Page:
Regents OK tuition increase to boost student services
On Thursday, Jan. 26, the UC Board of Regents approved the first tuition increase in seven years, saying that revenue would provide for academic improvements that are needed to accommodate rising California enrollment.
Two-thirds of California undergraduates will have the $282 annual tuition increase covered by financial aid. Those students will also be covered for a $54 increase in the student services fee that the regents approved for expanding mental health services.
“California students who currently receive financial aid will not pay the increases,” said President Napolitano, in remarks Wednesday to the board. “Indeed, the financial aid awards for most of these students will rise by more than the amount of the increases, providing additional aid for expenses such as student housing, food and books.”
A third of the new tuition revenue will be used for student financial aid, while the other two-thirds will help cover the cost of hiring more faculty, improving support for graduate students and teaching assistance, and providing more student counseling and tutoring.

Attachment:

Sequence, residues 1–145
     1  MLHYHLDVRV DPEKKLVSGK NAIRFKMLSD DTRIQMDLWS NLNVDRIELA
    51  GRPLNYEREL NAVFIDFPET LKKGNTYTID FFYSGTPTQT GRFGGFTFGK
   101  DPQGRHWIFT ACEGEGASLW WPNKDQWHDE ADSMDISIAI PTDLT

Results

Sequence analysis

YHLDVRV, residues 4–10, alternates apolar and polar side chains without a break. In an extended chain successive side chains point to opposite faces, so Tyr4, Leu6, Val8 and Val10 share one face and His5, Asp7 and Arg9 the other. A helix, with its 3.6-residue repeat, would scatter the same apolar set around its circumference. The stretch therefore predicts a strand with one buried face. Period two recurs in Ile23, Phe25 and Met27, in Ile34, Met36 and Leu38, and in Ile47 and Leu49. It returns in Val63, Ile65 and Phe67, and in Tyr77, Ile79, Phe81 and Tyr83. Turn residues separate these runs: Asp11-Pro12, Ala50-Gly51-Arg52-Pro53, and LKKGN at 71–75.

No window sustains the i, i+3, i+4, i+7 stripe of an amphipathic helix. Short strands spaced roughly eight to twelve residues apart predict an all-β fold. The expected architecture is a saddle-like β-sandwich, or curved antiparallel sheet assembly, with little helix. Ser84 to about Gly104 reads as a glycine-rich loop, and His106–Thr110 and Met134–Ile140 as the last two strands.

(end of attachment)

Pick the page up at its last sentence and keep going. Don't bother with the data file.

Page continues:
“The funds from both adjustments will directly benefit UC students,” Napolitano said. “More investment is needed to make sure that this generation and future generations of UC students receive the same quality of education as past generations.”
UC admitted 7,500 more undergraduates in fall 2016 than in 2015 — the largest one-year increase in enrollment since World War II. UC is on pace to add an additional 5,000 students over the next two years.
All that growth has created financial challenges that UC has been working to address through operational efficiencies that are saving the university more than $300 million a year in energy and procurement costs.
But other cost-cutting measures threaten to erode academic quality. Student-teacher ratios have crept up, for example, and student services haven’t kept pace with enrollment growth.
Under the 2017–18 budget plan approved by the Board of Regents, new revenue from the state and from the modest increase in tuition will allow UC to address its most pressing needs while accommodating continued growth in California student enrollment.